Supreme Court Set to Decide What Constitutes 'Disability' Under ADA

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Three crucial rulings on civil rights protections for people with disabilities
June 9, 1999

(NEW YORK, June 9, 1999) -- Federal civil rights for people with disabilities will be tested when the United States Supreme Court issues three much-anticipated rulings about the reach of the Americans with Disabilities Act, Lambda Legal Defense and Education Fund said Wednesday.

"An alarming Catch-22 binds these three cases together," said Catherine Hanssens, director of Lambda's AIDS Project.

"Contrary to what some lower courts have ruled, people who are able to work because they have gained a measure of control over their disabilities should not then lose federal protections meant to help them when they face workplace discrimination," she said.

Lambda participated in friend-of-the-court briefs in all three cases, one of which was co-authored by Hanssens.

The Supreme Court rulings will be of tremendous importance to people with HIV, many of whom have benefitted from treatment advances in the last few years but may still face chronic health problems and irrational discrimination.

The unprecedented cluster of ADA cases -- Albertsons v. Kirkingburg, Sutton v. United Airlines, and Murphy v. United Parcel Service -- was argued over two successive days in April and raises questions regarding what constitutes a "disability" under the federal law.

In Kirkingburg, the Ninth Circuit U.S. Court of Appeals rejected the argument that only severely debilitating conditions are protected by the ADA, while in Sutton and Murphy, the Tenth Circuit ruled that people with disabilities controlled or alleviated through medication or other treatments are not protected by the federal civil rights law.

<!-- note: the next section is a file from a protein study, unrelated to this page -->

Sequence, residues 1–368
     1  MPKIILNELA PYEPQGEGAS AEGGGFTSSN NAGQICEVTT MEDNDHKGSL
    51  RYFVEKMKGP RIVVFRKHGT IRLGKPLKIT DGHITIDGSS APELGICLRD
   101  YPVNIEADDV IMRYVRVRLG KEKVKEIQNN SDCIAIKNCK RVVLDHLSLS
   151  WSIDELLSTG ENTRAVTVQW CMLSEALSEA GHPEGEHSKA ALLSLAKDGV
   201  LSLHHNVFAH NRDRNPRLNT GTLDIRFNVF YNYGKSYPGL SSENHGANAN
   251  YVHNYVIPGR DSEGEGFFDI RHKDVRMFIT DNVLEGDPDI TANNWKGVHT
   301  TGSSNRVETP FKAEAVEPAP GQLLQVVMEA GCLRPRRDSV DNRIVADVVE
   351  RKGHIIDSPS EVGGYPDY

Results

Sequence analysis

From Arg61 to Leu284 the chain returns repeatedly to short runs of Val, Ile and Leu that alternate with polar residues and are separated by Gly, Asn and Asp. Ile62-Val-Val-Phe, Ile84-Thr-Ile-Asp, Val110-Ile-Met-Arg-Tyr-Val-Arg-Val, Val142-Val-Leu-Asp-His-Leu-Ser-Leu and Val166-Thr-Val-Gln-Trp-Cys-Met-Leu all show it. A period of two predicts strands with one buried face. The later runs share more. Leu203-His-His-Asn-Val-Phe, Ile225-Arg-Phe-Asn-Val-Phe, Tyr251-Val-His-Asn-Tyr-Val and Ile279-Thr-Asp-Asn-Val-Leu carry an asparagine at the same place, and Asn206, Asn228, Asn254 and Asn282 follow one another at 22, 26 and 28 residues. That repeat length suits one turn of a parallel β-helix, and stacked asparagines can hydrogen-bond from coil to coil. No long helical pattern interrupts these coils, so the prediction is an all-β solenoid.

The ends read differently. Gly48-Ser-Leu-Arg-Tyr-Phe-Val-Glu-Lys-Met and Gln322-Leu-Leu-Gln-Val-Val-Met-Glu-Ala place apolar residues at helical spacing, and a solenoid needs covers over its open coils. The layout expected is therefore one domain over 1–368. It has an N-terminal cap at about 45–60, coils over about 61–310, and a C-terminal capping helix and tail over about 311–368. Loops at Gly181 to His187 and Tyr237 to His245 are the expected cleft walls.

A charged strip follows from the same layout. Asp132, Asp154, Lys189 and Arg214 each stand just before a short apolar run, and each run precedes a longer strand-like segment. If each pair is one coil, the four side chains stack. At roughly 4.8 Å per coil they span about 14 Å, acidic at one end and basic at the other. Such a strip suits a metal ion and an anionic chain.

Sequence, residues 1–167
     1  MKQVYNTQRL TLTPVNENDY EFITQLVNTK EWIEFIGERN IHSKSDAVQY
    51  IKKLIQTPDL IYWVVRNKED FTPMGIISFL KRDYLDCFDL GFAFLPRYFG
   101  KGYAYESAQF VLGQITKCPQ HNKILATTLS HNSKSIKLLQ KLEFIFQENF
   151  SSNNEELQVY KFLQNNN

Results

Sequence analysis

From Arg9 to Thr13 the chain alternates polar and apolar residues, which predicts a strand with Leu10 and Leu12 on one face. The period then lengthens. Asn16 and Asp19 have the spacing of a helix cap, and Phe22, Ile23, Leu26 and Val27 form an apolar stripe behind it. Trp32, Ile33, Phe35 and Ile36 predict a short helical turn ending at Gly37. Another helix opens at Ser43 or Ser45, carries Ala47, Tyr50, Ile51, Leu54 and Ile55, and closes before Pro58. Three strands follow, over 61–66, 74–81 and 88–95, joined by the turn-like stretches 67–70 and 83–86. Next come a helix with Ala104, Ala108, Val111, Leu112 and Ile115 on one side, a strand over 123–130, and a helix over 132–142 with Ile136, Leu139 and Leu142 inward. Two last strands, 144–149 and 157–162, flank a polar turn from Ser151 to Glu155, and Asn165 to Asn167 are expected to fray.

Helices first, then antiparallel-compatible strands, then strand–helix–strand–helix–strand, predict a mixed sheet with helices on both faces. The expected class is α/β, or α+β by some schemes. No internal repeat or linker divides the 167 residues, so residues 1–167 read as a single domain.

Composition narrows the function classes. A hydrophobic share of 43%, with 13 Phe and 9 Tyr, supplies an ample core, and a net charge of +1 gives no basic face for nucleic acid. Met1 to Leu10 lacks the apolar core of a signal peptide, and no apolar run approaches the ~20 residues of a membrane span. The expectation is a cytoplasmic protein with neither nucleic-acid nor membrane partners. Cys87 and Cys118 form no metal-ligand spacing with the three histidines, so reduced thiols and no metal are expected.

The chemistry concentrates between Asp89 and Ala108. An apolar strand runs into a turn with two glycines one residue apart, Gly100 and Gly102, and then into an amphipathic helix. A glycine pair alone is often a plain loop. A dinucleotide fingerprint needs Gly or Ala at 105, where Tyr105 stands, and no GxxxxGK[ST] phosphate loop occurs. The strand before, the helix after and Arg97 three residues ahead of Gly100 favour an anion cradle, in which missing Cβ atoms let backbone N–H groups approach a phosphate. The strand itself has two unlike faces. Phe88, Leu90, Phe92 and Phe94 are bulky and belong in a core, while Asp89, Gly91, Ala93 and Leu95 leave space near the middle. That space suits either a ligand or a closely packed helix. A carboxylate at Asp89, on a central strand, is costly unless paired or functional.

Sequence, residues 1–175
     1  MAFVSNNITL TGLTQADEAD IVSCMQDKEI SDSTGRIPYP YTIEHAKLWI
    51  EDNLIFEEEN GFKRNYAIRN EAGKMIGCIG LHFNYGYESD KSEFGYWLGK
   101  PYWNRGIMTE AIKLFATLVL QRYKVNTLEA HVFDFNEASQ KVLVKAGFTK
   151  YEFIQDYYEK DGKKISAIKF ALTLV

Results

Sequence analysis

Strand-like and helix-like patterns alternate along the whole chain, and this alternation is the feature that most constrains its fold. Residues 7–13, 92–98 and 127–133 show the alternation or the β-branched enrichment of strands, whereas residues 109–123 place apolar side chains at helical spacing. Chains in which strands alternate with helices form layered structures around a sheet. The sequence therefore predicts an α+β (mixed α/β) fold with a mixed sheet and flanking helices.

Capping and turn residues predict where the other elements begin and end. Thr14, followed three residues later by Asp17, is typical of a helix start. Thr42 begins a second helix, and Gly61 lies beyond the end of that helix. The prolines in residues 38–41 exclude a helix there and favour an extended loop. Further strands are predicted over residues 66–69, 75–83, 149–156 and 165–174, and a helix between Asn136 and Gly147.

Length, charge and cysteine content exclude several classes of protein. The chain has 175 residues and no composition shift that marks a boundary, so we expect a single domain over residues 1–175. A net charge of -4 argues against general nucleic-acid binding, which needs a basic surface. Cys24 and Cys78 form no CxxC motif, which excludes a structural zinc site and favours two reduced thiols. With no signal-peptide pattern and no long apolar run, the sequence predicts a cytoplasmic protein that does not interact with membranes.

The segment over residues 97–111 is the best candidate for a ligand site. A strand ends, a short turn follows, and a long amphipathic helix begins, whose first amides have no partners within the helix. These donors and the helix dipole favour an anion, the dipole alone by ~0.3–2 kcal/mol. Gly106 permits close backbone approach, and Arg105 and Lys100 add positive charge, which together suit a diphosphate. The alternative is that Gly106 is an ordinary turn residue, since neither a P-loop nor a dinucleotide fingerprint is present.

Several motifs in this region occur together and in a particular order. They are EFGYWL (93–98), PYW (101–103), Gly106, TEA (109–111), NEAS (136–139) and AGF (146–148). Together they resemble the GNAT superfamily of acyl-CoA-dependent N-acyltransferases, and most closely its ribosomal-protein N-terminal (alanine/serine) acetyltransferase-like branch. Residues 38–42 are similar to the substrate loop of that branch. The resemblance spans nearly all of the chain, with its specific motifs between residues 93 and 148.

Lambda Legal Director Beatrice Dohrn said, "Let's not confuse 'disability' with 'inability.' The vast majority of people with disabilities are productive members of society."

Dohrn continued, "The employers in these cases view people who can work despite their disabilities as both too disabled for their jobs but not disabled enough to warrant protection. That's nonsense."

Hanssens added, "Laws against sex and racial discrimination protect not just women and people of color but Americans of all genders and races. Civil rights laws, by their very nature, are meant to be broad and protect large numbers of people; the ADA is no different in this regard."

(Albertsons v. Kirkingburg, No. 98-591; Sutton v. United Airines, No. 97-1943; and Murphy v. United Parcel Service, No. 97-1992)


Contact: Peg Byron 212-809-8585 x 230, 888-987-1984 (pager); Catherine A. Hanssens 212-809-8585 x 215


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